The incredibly majestic Bald Eagle, Haliaeetus leucocephalus, is technically classified as a sea eagle and is the only one native to North America.
There are also two known subspecies of Bald Eagle. Despite the famous name, they are not actually bald. The name is derived from an older term which meant white-headed.
The Bald Eagle holds the distinction of building both the largest nest of any bird in North America and the largest arboreal nests of any known animal. These nests may be as much as 13 ft (4 m) deep, 8.2 ft (2.5 m) wide, and weigh up to 2,000 lb (907 kg).
Bald Eagle Physical Description
Like many avian species, the Bald Eagle displays sexual dimorphism. In their case, it is a matter of size. The females are approximately 25% larger than the males, on average, and may weigh as much as 14 lb (6.3 kg). Exceptional females may even attain a wingspan of 7.5 ft (2.3 m).
The plumage is a distinctive combination of dark brown on the body, and white on the head and tail. Their eyes, beak, and feet are a bright yellow in color. The talons are large and razor-sharp, as with most raptors.
The Bald Eagle also possesses the ability to retract their talons at will, but rarely chooses to do so.
This bird can live up to 20 years in the wild.
Bald Eagle Range and Habitat
The range of the Haliaeetus leucocephalus is thankfully extensive. They inhabit most of North America, from northern Mexico, all of the continental United States (as well as temperate portions of Alaska), and most of Canada.
They are luckily highly adaptable to a variety of habitat types and may live in bayous, deciduous forests, and even the Sonoran Desert.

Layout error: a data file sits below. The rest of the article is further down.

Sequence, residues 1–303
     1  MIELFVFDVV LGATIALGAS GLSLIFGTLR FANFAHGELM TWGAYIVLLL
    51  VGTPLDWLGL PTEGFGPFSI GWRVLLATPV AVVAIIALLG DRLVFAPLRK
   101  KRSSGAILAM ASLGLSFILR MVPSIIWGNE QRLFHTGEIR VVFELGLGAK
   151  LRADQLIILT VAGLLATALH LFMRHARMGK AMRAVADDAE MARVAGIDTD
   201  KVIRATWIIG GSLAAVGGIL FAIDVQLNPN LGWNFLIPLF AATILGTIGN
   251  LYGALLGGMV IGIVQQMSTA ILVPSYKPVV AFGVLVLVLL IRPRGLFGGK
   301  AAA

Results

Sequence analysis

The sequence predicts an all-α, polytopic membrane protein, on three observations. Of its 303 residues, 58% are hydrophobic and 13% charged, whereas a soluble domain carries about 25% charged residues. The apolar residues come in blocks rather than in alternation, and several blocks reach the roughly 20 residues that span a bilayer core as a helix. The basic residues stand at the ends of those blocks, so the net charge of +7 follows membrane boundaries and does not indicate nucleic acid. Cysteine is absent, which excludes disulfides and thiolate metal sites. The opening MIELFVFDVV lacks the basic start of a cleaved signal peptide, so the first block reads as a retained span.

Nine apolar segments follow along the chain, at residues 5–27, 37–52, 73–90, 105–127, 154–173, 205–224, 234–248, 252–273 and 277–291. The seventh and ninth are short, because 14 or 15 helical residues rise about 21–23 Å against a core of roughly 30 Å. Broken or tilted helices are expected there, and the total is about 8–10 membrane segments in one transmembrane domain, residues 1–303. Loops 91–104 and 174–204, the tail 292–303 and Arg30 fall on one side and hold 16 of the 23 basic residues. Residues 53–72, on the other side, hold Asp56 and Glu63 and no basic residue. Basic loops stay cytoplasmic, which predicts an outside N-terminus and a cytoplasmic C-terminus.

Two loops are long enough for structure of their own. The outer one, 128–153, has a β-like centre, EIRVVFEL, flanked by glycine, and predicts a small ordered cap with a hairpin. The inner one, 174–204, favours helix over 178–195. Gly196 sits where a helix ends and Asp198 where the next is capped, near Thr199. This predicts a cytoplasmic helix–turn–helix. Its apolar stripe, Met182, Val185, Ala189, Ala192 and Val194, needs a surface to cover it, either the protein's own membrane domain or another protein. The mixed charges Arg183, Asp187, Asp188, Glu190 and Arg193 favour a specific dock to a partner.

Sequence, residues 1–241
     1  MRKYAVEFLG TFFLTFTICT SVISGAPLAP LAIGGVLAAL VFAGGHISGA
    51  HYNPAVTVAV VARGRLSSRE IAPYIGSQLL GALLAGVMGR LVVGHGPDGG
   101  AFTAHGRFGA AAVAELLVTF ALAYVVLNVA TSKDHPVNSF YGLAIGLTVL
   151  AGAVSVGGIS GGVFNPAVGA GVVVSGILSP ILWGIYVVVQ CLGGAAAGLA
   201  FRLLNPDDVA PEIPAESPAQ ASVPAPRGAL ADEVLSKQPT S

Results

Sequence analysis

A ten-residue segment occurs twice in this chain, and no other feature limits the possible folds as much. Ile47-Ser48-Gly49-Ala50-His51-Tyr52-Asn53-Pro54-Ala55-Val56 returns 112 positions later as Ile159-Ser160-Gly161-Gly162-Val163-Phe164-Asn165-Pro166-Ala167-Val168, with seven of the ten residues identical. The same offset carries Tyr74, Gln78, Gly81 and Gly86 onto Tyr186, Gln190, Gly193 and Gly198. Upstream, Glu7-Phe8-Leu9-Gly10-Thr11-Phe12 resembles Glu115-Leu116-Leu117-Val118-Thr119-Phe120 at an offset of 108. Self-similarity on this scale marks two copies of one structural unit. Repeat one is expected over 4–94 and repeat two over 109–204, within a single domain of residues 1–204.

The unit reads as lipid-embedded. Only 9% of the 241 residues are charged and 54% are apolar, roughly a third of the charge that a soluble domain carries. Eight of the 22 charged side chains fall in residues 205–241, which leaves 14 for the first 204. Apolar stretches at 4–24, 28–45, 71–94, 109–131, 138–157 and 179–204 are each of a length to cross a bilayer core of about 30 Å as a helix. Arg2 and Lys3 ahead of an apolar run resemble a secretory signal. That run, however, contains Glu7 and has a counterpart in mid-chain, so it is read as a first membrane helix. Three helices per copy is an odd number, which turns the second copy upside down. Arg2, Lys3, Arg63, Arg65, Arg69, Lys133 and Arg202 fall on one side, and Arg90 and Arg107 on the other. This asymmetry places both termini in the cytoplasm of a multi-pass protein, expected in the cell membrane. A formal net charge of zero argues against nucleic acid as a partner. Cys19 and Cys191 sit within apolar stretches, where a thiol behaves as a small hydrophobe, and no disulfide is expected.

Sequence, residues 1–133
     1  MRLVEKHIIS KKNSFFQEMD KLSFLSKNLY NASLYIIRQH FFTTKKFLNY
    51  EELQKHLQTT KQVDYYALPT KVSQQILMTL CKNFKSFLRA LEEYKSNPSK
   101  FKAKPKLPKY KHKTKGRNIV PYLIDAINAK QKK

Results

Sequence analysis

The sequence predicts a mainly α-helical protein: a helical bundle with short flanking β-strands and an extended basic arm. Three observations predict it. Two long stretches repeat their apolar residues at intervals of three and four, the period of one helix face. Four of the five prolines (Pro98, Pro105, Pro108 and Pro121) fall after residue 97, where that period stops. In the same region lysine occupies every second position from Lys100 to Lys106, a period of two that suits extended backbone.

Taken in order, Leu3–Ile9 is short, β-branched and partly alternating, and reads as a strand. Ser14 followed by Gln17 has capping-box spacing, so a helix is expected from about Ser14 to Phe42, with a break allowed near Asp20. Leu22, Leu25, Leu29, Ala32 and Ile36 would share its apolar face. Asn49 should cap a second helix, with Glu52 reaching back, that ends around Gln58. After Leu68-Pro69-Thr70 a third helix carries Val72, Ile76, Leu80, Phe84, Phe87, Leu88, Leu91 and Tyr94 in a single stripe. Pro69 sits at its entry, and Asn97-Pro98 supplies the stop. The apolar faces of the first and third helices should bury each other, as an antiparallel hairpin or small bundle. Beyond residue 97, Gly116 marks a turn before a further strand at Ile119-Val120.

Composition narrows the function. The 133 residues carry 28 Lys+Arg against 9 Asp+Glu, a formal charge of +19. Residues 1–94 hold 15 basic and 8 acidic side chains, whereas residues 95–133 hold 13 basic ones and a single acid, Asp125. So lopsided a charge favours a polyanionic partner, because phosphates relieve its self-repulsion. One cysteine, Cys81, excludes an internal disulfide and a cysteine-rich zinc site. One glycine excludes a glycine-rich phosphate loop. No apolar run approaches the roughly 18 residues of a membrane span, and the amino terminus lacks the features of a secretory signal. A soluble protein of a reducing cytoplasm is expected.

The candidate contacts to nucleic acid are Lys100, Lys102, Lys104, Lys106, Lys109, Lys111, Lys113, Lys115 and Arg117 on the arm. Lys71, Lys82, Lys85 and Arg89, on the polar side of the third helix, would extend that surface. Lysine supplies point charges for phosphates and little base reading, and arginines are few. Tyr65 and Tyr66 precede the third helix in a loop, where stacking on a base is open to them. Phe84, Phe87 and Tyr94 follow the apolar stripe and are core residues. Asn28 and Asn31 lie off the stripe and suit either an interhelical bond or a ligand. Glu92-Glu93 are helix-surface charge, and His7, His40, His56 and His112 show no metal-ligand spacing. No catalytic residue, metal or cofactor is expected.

The Bald Eagle generally prefers to build their large nests in the tops of the tallest trees near a body of water.
This majestic species was once nearly extinct. However, conservation efforts have, for once, seen a large resurgence in their number in the past few decades. The IUCN now lists them as a species of Least Concern.
Bald Eagle Behavior, Diet, and Ecology
The Bald Eagle is not surprisingly a powerful flier that can attain speeds of up to 43 mph (70 km/h) while gliding. Despite their size, their speed in a dive can reach even 100 mph (160 km/h).
In some portions of their range, they may be partly migratory.
The Haliaeetus leucocephalus is an opportunistic carnivore, feeding on virtually any prey available. They will also feed on carrion when available and will also attack prey larger than themselves if need be, though they prefer to stick to smaller prey. Throughout their native range, however, the bulk of their diet consists of a variety of fish species.
Scientists believe that they mate for life, following elaborate courtship rituals. The mated pair are typically highly territorial by nature.